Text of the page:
What Is a Persuasive Essay Outline and Why Is It Important?

A persuasive essay outline is a basic map of your writing that shows the number of paragraphs and how your arguments will be organized. It maps out the order your paragraphs will appear and gives a hint on what information should be included in each section. There are many ways to organize your key ideas in your outline:

  • Bulletin points
  • Numbered list

A persuasive essay is where students should prove their point of view. For this very reason, drafting an outline for a persuasive essay allows for an emotional component and helps not to get confused in your supporting proofs. Besides, an outline allows you to save your precious time. In fact, after drawing up a plan, an essay writing process is limited to just expanding your ready-made arguments. Therefore, this paper’s plan is an excellent way to systematize knowledge and focus on key points. Find various persuasive essay examples for a better understanding.

How to Write Persuasive Essay Outline

Before you write a persuasive essay outline, shape the topic and the main statement of your paper. Next, determine key arguments which you will convince readers in. Make sure that you have sufficient research materials to use. Usually, the essay plan consists of these 3 components:  

  • Introduction presenting your topic.
  • Text body offering and supporting your arguments.
  • Conclusion giving some food for thought.

Follow these easy steps to make the right plan and get a high-quality persuasive essay. Further, we will discuss each step in more detail based on our experience and skills. At this point, you can simply  buy persuasive essay from our writers to avoid any writing hassle.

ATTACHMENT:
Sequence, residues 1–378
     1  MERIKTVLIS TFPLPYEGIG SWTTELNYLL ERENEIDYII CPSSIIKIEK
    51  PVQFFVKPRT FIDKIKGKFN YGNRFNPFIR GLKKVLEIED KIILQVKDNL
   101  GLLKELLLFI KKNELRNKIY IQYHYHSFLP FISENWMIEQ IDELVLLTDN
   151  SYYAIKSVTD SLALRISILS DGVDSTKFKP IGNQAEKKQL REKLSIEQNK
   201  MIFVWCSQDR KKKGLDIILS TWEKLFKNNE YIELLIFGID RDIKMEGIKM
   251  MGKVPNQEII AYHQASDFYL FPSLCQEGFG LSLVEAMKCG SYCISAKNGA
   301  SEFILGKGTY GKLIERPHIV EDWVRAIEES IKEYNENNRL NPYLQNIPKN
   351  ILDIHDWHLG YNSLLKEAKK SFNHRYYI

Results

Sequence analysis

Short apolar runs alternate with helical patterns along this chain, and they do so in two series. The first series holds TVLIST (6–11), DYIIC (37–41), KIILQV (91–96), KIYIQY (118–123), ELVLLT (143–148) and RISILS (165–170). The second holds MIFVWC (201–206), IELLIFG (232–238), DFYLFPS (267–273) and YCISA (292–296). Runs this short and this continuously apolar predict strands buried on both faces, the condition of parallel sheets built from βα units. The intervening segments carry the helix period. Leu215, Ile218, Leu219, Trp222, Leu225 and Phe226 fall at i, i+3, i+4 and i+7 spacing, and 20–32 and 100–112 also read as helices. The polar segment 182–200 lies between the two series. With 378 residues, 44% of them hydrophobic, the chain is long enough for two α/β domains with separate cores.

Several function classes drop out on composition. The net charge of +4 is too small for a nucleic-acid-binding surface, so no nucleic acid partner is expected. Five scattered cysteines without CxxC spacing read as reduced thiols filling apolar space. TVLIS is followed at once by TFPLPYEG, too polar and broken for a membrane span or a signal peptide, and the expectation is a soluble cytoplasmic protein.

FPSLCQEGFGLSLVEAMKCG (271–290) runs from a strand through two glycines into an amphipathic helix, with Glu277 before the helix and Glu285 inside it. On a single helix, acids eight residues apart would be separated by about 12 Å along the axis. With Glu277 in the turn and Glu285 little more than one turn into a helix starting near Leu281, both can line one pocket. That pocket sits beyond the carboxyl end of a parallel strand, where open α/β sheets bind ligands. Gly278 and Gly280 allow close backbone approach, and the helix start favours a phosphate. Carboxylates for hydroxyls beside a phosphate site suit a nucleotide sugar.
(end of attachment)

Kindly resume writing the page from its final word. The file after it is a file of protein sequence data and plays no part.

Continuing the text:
Introduction for Your Persuasive Essay Outline

A persuasive essay introduction  outline is usually drawn up following a standard structure. Here’s what you should include:  

  • Background information
  • Thesis statement

Start with a good hook so that you can grasp reader’s attention from the very beginning. It may be any brief statistical information, some quote on the topic, or even a joke – everything that will help to start your essay in an interesting manner. Then, familiarize your readers with some context. You should also have an effective thesis statement. To create such try to use  Thesis Statement Maker . Later on, you will provide arguments that will prove it. For now, you should write a persuasive statement that will briefly present 3 main arguments. Don’t disclose all your ideas too early. Here, you should just jot down your main opinion and how you will prove it. Following such structure ensures that you write an intriguing introduction.